Sounds very, very familiar….
But as we mentioned earlier, not every consultant who made the jump landed in the corner office. A senior partner we know from a prominent strategy consultancy joined a large pharmaceutical company, as head of strategic planning, reporting directly to the CEO. Within a short time after joining, he launched a series of initiatives, creating confusion and chaos in an organisation that was already riddled with complexity. He demonstrated very few skills in communication or empathy, and thus alienated the majority of his team and peers, and did not endear himself to the CEO either. To top it all, ironically, he ended up dramatically increasing the spending on external consulting, which was, of course, the opposite of the intended effect. By this time, the CEO had lost patience and asked him to leave. He has since returned to the world of consulting.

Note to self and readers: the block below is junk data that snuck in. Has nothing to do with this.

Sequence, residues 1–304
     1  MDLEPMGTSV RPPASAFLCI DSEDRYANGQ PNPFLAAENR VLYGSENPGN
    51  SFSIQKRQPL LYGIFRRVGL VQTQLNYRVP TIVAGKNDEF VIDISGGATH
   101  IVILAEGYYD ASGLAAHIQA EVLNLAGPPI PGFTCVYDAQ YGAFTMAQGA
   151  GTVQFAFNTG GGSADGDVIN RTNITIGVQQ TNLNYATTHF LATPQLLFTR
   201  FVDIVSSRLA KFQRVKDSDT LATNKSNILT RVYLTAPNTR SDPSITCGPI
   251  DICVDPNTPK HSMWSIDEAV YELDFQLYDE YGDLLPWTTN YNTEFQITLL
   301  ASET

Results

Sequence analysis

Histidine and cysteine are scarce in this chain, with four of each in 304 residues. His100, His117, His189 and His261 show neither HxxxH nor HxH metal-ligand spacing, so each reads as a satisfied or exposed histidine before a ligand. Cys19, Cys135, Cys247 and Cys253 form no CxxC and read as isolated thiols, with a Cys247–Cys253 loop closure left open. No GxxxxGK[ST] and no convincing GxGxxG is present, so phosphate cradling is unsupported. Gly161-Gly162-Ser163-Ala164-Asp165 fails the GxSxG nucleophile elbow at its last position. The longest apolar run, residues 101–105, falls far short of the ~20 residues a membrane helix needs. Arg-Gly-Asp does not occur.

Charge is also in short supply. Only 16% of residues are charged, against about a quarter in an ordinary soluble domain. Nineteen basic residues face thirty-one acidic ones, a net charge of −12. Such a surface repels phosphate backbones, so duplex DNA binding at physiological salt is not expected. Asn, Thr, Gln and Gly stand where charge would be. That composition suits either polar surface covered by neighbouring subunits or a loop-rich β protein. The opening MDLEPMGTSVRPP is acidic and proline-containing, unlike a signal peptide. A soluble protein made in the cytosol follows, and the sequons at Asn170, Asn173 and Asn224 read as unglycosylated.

It’s weird watching this play out in real life. Especially the vicious cycle of a series of major initiatives (often created by consultants), confusion and complexity internally, and then throwing more consultants at the problem because these internal people ‘don’t seem to be able to do anything’. Understanding the system is essential to intervening in the system.